Where are the Workers?
Every manufacturing and distribution site we talk to has the same problem, absenteeism. What most companies don’t realize is that absentee workers are a symptom of a larger problem, and contrary to popular belief that problem isn’t laziness.
The deeper cause of absenteeism is tied to a major shift in how people view work today.
Gone are the days of workers aspiring to find a career as a machine operator or maintenance tech for 30 years, become a supervisor, earn a gold watch, and retire. Gen Z entered the workforce with options like Uber and DoorDash, which completely changed the way they find jobs and manage their schedules.
How did these companies take a job that 10 years ago nobody wanted (like delivering pizza or having a stranger in your backseat) and make it cool?
Companies that are recruiting and retaining employees are making it easy, digital, and most importantly workers can choose their work schedules.
You can apply and get hired instantly on your cell phone. Don’t feel like working today? Fine, don’t pick up a shift. Need gas money? Great, here’s same-day pay.
According to a 2022 report from The Federal Reserve Bank of Boston, roughly 1 in 9 men ages 25-54 are out of the labor market today, compared to 1 in 50 in the mid-1950s. Why? Because they don’t want the jobs that are being offered today.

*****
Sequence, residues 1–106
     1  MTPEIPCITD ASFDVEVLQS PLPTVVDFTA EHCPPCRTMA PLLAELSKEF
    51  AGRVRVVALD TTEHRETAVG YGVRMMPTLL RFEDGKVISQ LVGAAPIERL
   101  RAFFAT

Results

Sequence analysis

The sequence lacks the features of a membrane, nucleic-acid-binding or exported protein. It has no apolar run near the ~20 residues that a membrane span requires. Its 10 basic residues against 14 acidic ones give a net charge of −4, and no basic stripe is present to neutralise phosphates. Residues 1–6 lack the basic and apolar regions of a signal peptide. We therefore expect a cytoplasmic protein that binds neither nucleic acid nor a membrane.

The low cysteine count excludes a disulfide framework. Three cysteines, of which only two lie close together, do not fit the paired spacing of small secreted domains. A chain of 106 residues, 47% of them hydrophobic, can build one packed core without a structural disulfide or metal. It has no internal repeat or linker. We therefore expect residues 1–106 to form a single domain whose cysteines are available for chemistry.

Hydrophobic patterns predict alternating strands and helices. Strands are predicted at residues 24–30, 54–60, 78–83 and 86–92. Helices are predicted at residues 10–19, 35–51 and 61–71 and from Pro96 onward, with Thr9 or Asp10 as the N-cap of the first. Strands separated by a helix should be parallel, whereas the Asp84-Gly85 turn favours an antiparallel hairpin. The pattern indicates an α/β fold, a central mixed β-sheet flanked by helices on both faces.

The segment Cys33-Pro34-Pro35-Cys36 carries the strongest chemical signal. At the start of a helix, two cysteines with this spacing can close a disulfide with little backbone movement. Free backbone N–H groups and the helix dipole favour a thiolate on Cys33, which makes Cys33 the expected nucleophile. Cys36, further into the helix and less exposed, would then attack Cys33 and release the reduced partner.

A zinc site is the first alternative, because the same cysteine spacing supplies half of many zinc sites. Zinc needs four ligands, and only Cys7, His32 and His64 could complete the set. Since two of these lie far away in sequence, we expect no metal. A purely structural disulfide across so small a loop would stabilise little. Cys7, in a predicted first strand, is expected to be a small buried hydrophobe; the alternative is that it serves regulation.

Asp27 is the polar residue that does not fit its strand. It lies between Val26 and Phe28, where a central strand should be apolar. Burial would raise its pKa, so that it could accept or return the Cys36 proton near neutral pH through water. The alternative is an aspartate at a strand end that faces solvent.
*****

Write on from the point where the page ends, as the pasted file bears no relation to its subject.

What is it workers want? A survey from Lux Insights found the #1 item on a worker’s priority list was work-life balance, coming in above higher pay rate. They want flexibility in their work schedule.
Source: Shiftboard & Lux Insights: Shift State of Hourly Workers Study
How can Employers Give Flexibility to Shift-Based Workforces?
First, here’s what not to do!
We see a lot of manufacturers respond to increased absenteeism by implementing stricter attendance policies, increasing 8-hour shifts to 10-12 hours straight, and mandating overtime for most workers. This makes things worse. On top of high absenteeism, now employers are dealing with high turnover rates and overtime expenses that often blow labor budgets out of the water.
It’s a double whammy. If this is your situation you’re not alone – a lot of companies have been there and have done that too!
Addressing absenteeism requires more than just knee-jerk reactive attendance policies. It first means taking a deep dive into your existing workforce behavioral data to determine what’s actually happening at your facility, and second, it’ll take a willingness to change your attendance policies and procedures to allow workers more control over their schedule.
Here are the steps you need to follow to implement flexibility at your facility:
- Understand your Data: A look at overtime, attrition, and absenteeism metrics.
- Create Flexibility: How to give hourly workers the time off they need.
- Leverage Technology: How to implement and manage flexibility.
This is part of a blog series, where we’ll review how employers can ensure hourly workers have access to flexibility in their schedule without creating operational chaos in their manufacturing or distribution facility.
We will be covering:
- The current dilemma – where are the workers?
- How your data tells you what’s really going on.
- What you can do to implement flexibility using data and technology.
Stay tuned for the next article, where we’ll unpack how to use the data you already have on your existing workforce and find out what’s really going on.